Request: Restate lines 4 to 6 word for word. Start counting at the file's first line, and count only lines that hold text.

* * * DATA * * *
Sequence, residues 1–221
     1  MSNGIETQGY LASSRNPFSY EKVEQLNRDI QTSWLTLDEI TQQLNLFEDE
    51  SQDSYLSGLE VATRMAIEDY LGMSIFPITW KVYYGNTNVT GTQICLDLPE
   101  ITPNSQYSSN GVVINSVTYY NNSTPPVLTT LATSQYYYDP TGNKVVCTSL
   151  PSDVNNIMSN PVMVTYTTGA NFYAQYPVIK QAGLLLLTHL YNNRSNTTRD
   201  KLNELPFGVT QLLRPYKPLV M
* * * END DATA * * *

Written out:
   101  ITPNSQYSSN GVVINSVTYY NNSTPPVLTT LATSQYYYDP TGNKVVCTSL
   151  PSDVNNIMSN PVMVTYTTGA NFYAQYPVIK QAGLLLLTHL YNNRSNTTRD
   201  KLNELPFGVT QLLRPYKPLV M